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As the White House and some states begin lifting restrictions that have shut down all but non-essential businesses to stem the spread of COVID-19, real estate services firm Cushman & Wakefield has released a 34-page guide to real estate tenants and landlords on how to safely reopen.

The guide is the product of Cushman & Wakefield’s recovery readiness task force, which was established in early April to develop a list of best practices for businesses embarking on a post-COVID recovery that will facilitate employees’ and customers’ return to their workplaces.

The firm developed the guide and the best practices list based on its experience in helping restart China’s economy where it partnered in a joint venture with Vanke Service to move 10,000 companies and nearly a million workers back into 800 million square feet of buildings. Vanke Service is a wholly-owned subsidiary of China Vanke Co., one of that nation’s largest residential real estate developers and property managers.

In announcing the advent of the new guide, Cushman & Wakefield President John Forrester, the recovery task force’s executive chairman, said, “It is extremely important to the health and safety of people around the world that organizations take well-thought-through precautions when introducing their employees back to the workplace.”

Forrester called the migration of workers from home where they have sheltered in place back to work a “monumental” task. He said the company’s workplace experts, created the guide to make that migration “more approachable – with quick and customizable solutions that are cost-effective to implement.”

The firm’s new recovery guide outlines six workplace readiness how-tos, including:

  • Preparing the building by implementing cleaning plans, pre-return inspections, and HVAC and mechanicals checks;
  • Preparing the workforce by creating policies for deciding who returns, shift/schedule management and employee communications;
  • Controlling building access by enforcing protocols for safety and health checks, building reception, shipping/receiving, elevators and visitor policies;
  • Creating a social distancing plan, including guidelines for decreasing density, schedule management and office traffic patterns;
  • Reducing touch points & increasing cleaning, including implementing open doors, clean-desk policies, food plans and regular cleaning of common areas;
  • Communicating confidence by acknowledging potential employee fears employees fear in returning by transparent communications.

The guide stresses relationships between building owners and tenants as having never been more important,” advising that the business viability of building tenants as “key to stable occupancy of properties and long-term rental.”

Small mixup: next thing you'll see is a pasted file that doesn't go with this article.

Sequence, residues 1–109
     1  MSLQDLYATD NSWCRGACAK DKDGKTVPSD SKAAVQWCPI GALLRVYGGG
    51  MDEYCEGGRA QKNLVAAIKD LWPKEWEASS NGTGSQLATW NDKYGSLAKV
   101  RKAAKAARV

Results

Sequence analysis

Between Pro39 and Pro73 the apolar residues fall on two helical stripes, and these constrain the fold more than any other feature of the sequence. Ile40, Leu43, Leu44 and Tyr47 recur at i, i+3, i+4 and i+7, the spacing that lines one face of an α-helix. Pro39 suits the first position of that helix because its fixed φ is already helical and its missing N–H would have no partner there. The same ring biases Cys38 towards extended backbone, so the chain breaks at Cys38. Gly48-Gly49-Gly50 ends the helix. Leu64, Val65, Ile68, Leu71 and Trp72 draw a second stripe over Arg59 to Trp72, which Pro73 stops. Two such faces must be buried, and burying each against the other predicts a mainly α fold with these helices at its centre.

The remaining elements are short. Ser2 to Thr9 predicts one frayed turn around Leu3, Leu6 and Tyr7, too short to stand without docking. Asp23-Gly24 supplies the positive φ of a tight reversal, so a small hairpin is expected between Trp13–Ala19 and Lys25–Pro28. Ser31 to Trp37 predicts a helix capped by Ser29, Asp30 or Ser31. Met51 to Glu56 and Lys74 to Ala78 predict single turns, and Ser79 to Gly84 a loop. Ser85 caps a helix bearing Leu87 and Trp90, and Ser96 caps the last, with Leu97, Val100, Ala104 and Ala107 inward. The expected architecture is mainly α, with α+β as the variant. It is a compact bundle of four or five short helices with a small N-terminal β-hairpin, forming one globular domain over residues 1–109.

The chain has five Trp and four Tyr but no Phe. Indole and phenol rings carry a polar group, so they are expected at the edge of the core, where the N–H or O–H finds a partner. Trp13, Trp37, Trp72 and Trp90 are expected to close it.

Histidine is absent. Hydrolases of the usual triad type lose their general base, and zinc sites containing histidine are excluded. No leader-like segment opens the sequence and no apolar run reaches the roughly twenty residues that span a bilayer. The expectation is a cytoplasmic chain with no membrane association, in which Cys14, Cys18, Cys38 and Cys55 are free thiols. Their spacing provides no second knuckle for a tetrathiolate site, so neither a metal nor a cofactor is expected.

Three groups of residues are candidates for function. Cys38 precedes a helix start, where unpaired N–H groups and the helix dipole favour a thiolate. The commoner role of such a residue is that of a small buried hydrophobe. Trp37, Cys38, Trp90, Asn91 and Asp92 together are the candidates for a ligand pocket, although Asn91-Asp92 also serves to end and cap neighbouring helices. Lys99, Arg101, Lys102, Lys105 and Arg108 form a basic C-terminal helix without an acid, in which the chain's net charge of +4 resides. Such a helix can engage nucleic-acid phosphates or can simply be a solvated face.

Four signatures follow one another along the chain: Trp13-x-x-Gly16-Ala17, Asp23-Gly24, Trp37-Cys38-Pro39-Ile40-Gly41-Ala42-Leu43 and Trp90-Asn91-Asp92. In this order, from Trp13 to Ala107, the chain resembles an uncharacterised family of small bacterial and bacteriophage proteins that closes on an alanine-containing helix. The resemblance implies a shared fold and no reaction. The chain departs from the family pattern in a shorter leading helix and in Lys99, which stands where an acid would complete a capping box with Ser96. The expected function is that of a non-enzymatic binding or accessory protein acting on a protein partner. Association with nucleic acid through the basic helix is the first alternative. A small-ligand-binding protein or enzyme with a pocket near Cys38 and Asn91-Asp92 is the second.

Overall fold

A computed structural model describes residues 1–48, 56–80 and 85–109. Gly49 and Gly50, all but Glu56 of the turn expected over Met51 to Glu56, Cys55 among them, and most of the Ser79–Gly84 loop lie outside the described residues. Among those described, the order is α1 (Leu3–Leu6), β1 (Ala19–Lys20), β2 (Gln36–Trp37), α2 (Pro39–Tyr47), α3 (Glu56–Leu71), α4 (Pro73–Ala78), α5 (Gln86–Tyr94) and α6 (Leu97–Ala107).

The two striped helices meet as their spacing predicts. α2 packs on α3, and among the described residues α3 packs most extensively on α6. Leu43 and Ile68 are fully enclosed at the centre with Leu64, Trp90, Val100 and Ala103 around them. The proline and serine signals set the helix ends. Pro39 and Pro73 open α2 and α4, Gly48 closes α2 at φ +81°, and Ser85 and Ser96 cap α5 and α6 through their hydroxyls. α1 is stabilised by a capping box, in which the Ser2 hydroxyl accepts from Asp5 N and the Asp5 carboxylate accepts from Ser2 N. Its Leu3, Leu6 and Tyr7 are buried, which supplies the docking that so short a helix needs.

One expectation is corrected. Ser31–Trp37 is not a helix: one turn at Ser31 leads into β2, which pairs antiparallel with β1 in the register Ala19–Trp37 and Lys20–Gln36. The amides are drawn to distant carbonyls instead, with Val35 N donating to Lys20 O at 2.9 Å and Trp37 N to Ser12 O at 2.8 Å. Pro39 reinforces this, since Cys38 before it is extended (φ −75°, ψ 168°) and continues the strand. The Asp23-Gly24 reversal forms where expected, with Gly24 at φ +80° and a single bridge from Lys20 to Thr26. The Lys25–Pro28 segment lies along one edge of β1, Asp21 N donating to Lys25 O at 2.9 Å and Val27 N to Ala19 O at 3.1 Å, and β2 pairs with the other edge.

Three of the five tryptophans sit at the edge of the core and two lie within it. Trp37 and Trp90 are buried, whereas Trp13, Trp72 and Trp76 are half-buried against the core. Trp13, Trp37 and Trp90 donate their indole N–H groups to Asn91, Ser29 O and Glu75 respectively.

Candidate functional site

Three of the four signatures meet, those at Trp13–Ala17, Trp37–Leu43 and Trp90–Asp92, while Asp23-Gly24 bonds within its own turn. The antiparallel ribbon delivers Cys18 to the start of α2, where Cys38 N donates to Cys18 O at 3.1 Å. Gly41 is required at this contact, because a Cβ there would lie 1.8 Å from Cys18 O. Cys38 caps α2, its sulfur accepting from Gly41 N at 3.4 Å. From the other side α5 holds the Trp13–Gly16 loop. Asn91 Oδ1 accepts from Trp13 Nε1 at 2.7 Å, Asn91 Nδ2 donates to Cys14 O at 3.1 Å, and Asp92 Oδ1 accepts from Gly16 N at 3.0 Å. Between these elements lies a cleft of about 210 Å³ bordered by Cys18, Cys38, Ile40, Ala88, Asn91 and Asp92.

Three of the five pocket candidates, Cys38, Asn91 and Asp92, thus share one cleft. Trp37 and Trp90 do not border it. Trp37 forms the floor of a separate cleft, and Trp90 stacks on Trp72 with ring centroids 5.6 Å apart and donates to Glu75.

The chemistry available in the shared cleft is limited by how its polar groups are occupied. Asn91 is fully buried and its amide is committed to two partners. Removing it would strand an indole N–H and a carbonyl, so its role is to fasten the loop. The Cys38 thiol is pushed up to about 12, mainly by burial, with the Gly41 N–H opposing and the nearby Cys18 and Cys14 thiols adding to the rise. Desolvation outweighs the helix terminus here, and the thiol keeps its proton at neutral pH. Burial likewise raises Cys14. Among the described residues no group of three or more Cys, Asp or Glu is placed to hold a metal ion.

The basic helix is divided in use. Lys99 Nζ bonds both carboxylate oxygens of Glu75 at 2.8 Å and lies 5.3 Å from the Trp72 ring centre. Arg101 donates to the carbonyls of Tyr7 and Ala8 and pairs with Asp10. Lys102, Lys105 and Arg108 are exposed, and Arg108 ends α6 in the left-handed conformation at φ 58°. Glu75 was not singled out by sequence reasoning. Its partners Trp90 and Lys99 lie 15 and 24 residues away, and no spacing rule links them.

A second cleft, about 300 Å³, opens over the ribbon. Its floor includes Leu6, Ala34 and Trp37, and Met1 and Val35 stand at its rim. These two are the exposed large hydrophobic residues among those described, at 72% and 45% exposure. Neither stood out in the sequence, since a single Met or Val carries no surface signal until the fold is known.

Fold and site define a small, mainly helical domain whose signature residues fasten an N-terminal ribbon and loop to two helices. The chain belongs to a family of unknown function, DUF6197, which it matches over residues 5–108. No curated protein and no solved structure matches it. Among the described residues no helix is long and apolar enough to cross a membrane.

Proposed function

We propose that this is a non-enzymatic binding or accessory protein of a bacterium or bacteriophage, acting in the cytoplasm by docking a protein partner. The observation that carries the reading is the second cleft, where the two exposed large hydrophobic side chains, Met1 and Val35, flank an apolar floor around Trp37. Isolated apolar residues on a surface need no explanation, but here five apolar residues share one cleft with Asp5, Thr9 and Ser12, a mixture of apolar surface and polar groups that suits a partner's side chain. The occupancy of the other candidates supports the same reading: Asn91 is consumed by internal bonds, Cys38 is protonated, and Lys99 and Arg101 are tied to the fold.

It suggests that health and safety plans should be the shared responsibility of building owners, managers, and tenants and that those policies address the issuance of personal protective equipment, social distancing measures, elevator capacity, and sneeze guards in public areas.

The guide also suggests that all buildings shut down by the declared emergencies be inspected for damages and provides a detailed check list for inspecting and thoroughly cleaning HVAC and mechanical systems. It also provides advice on developing new policies for guests and visitors, essential and non-essential workers, temporary help, travel, and employee health and wellness screening.

The guide also advices on consultations involving risk management, insurance and the potential risks of returning to work, notifying vendors, handling mail and deliveries, and supporting pandemic-related activities.

The guide includes an extensive list of prechecks associated with space use, circulation and publicly shared spaces, individual seating, frequently touched surfaces, and contaminant control.

It also suggests new guidelines for controlling building entry and egress, cleaning, and disposal of discarded PPE.

The guide also advises companies to “get ready for permanent hybrid ways of working. “We are already hearing from companies that had little to no remote work up to now, realizing that business can actually be done with some percentage of employees working entirely remotely,” the guide advises.

“Many companies are coming to the realization that some percentage of their workforce will never come back to an office environment — they will be permanent remote workers.”

That shift will have “significant impact on how companies think about office space, the real-estate footprint, infrastructure, and the technology that is going to have to be in place long term to support the new work paradigm.”

“The migration back to places of business will look different for every organization, but the principles outlined in this guide are applicable to nearly every real estate owner and occupier,” said Despina Katsikakis, head of Workplace Business Performance at Cushman & Wakefield. “As we navigate the complexity of this unprecedented situation together, our experts will continue to provide general guidance as well as bespoke solutions to our clients at every step of the way.”